Following the interviews with Odent and Hodges, the film interviews Jacques Moritz, an obstetrician and gynecologist. Moritz comments that midwives provide safer deliveries under conditions when the pregnant woman giving birth is healthy and low risk. A low risk pregnancy can be defined as one where there is minimal risk to the pregnant women or fetus during labor and delivery. In the film, Moritz states that low-risk, healthy pregnant women should not require a physician’s assistance with childbirth. The documentary then shows another image that contains information about maternal mortality rates. According to the film, the United States has one of the highest maternal mortality rates among all industrialized countries.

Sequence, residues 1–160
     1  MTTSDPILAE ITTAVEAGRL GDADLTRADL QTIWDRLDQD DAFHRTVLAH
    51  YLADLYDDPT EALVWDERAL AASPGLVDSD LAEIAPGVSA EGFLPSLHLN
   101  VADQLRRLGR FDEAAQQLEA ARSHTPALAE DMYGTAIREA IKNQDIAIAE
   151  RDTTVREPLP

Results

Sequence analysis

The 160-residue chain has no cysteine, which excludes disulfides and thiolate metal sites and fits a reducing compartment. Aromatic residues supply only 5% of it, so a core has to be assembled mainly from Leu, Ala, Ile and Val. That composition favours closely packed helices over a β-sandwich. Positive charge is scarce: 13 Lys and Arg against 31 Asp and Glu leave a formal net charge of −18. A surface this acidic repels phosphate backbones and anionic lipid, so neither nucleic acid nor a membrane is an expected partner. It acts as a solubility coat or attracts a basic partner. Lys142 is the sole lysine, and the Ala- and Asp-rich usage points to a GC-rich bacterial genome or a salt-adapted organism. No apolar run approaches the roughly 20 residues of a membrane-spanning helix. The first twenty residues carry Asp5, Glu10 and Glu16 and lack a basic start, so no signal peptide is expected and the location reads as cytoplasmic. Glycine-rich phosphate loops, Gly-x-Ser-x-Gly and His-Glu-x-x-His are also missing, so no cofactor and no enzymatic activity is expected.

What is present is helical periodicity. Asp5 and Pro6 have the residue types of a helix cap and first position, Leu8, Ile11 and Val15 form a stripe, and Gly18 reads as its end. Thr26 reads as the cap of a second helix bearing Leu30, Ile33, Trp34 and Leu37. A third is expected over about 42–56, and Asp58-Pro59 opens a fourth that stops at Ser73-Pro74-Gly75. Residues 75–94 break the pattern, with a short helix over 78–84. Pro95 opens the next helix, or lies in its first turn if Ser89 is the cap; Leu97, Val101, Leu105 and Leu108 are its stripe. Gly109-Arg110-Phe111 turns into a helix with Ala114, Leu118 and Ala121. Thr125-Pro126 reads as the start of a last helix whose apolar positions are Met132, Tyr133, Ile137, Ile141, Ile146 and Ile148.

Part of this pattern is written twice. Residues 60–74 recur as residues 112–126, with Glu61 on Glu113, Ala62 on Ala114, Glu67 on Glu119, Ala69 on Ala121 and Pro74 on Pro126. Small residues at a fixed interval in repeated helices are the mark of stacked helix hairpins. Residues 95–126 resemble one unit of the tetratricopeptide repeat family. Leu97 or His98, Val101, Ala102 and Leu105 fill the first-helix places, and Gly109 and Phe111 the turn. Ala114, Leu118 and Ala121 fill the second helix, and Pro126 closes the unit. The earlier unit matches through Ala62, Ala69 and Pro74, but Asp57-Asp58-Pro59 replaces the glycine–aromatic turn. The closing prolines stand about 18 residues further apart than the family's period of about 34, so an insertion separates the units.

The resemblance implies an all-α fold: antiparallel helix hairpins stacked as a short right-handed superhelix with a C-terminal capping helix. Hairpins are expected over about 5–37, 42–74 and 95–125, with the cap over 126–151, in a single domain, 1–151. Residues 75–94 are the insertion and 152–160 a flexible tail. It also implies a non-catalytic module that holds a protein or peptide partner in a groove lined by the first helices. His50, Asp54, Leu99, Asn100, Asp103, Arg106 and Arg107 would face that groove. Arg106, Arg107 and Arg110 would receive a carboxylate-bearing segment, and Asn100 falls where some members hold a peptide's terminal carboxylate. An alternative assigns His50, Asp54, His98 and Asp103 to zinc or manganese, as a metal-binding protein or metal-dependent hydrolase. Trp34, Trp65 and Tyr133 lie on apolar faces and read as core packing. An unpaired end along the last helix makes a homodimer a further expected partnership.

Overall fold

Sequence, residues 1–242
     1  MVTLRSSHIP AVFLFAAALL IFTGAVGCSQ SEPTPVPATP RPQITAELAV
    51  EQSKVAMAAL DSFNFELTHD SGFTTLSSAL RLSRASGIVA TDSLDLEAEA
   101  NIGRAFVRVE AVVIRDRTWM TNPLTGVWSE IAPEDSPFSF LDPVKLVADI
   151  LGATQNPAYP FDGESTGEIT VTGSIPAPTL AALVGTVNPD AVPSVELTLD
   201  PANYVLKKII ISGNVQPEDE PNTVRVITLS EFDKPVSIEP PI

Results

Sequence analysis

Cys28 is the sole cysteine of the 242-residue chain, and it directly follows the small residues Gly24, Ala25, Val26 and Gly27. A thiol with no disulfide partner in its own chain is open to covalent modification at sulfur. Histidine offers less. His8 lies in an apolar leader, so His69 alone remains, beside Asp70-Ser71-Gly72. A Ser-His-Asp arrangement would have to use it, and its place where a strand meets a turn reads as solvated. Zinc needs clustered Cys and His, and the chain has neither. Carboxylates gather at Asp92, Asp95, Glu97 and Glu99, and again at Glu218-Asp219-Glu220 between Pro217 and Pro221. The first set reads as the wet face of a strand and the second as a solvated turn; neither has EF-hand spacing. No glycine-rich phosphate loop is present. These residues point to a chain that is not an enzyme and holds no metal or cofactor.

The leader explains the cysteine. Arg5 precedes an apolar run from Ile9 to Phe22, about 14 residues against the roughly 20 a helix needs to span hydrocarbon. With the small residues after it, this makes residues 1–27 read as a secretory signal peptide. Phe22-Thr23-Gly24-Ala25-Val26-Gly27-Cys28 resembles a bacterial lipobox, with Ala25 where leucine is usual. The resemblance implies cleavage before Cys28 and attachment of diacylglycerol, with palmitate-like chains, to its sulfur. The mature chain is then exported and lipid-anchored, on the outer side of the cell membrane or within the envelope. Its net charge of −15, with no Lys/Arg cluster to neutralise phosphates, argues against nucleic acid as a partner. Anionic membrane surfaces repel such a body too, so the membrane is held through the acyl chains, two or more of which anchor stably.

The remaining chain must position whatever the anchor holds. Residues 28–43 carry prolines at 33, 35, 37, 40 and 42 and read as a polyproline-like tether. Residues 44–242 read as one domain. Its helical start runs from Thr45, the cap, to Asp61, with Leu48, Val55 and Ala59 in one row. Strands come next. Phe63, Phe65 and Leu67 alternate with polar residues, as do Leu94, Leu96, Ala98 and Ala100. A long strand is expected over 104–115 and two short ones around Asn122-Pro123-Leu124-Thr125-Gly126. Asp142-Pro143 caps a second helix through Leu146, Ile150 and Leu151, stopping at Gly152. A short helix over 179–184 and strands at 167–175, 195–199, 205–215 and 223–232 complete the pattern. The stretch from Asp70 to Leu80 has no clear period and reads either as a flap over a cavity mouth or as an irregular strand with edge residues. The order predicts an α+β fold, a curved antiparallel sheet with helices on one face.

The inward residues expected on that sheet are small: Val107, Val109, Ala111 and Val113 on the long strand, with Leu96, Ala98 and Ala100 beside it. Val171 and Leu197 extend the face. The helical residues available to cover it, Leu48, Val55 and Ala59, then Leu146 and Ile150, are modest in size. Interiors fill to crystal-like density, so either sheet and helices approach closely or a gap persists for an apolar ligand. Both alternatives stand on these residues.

As The Business of Being Born continues, the film discusses the history of midwifery. Prior to the 1900s, midwives, or women who assist other women giving birth, were common in the US, and many women did not see physicians or visit hospitals to deliver their children. The film discusses that in the early 1900s, in the eastern United States and parts of the South, physicians campaigned against midwives. According to Tina Cassidy, a journalist and writer, some viewed midwives as ignorant, misinformed, and unsanitary. In comparison, those same people viewed hospitals as clean and safe. Cassidy explains that in the early 1900s, midwife-attended births were safer because not many physicians had experienced attending births. However, according to the film, physicians wanted women to give birth in hospitals because obstetrics and gynecology were growing professions and the hospitals were a growing business.